Jack Cobb, Steelworker: To get up on national TV and brag about making jobs when he has destroyed thousands of people’s careers, lifetimes, just destroying people.
David Foster, Lead
When it is a business model and when it is deliberate and when it is a
thought out strategy on how to take the value out of a company in a
reckless way and hurt others, and you then become a proponent of that
strategy and talk about it as if it's the soul of capitalism and
literally the soul of America, I think nothing could be more offensive.
Joe Soptic, Steelworker: He’s running for president, and if he’s going to run the country the way he ran our business, I wouldn’t want him there because he would be so out of touch with the average person in this country, how could you care? How could you care for the average working person if you feel that way?
Notes: From the Obama
"a new ad, video and
website...take a look at
Mitt Romney's business philosophy and what it would mean for the
The campaign is releasing a six-minute video featuring the story of GST Steel, which was purchased by Bain Capital and subsequently shuttered after more than 100 years of business. After purchasing the company, Mitt Romney and his partners loaded it with debt, closed the Kansas City plant and walked away with a healthy profit, leaving hundreds of employees out of work with their pensions in jeopardy. The campaign is also releasing a two-minute ad featuring the story of GST Steel that will run in select battleground states.
The video will be featured on RomneyEconomics.com, a new website that allows the American people to learn the real story of Mitt Romney’s business record. The website includes case studies of other companies that suffered under Mitt Romney’s management, as well as a breakdown of the questionable business practices used by Mitt Romney and his partners.
Mitt Romney has repeatedly cited his business experience as his chief qualification to be President, claiming he would use it to boost the economy, create jobs, and reduce the deficit. RomneyEconomics.com examines what kind of businessman Mitt Romney actually was – and what that would mean for our economy. Romney's business strategy wasn’t about strengthening companies and creating jobs for long-term economic growth. It wasn’t about investors and workers playing by the same set of rules, and it certainly wasn’t about creating an economy built to last by rewarding hard work and responsibility and strengthening the security of middle-class families.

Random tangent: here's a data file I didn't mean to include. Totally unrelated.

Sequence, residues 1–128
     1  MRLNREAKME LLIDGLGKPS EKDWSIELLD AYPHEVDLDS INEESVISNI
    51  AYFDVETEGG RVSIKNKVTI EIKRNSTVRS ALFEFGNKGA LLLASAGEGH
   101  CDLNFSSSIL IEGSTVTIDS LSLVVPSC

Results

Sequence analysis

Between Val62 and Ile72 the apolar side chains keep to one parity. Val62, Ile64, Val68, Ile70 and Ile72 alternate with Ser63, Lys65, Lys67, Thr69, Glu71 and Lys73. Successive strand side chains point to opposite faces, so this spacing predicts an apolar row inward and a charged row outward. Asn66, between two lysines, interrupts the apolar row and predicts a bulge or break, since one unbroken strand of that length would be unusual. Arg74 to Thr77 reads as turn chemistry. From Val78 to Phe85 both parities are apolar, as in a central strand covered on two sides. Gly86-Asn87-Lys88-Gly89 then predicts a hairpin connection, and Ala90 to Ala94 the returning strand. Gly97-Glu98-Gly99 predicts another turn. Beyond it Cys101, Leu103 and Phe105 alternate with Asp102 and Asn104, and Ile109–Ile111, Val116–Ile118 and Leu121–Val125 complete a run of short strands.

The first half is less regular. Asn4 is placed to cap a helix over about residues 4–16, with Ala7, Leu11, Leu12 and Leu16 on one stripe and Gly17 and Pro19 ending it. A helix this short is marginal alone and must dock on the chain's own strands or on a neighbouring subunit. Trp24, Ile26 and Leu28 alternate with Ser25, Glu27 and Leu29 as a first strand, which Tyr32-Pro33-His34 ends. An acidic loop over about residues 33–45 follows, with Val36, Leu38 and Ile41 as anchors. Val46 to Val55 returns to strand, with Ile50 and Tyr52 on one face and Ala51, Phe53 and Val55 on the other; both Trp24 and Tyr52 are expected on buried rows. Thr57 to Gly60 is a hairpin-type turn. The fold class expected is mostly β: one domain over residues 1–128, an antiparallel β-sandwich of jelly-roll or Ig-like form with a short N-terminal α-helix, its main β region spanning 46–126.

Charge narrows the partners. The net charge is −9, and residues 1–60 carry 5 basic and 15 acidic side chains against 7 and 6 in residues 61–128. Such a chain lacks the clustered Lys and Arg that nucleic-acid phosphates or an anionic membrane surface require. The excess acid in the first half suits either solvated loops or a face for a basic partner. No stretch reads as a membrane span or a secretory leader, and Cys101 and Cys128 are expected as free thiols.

In a career of buying and selling companies, Romney’s pattern was to reap quick profits for himself and his investors at the expense of workers and communities. Sometimes it meant sending American jobs overseas. Other times, it meant cutting wages and benefits. In Romney’s economic philosophy, CEOs and wealthy investors prosper by any means necessary, even when it meant companies failed and workers were left behind. Romney believes in two sets of rules – one for people like him, another for everyone else.
RomneyEconomics.com examines a simple question – are the lessons and values Mitt Romney drew from his time in business the lessons and values America wants in our President?
While Mitt Romney wants to go back to the philosophy that created the economic crisis, President Obama is moving America forward – to an economy built to last, where hard work pays off, responsibility is rewarded, and everyone has a fair shot, does their fair share, and plays by the same rules.
See also: Obama
for America May 16, 2012 Memo "Mitt Romney
Will Apply the Wrong Economic Values to Our Nation" [PDF]
>The Romney campaign put up a countering video "American Dream" and issued a release titled "The Big Bain Backfire"...
“President Obama and his billion-dollar attack machine are desperately trying to distract from their own failed record of wasteful spending and crony capitalism by launching an attack on free enterprise. The President should be more concerned with helping the twenty-three million Americans who are struggling for work. Mitt Romney has the experience and pro-growth plan to promote job creation and get our economy back on track.” –Andrea Saul, Romney Spokesperson
>This line of attack was used in the South Carolina primary when Winning Our Future PAC, a super PAC supporting Newt Gingrich, ran "King of Bain."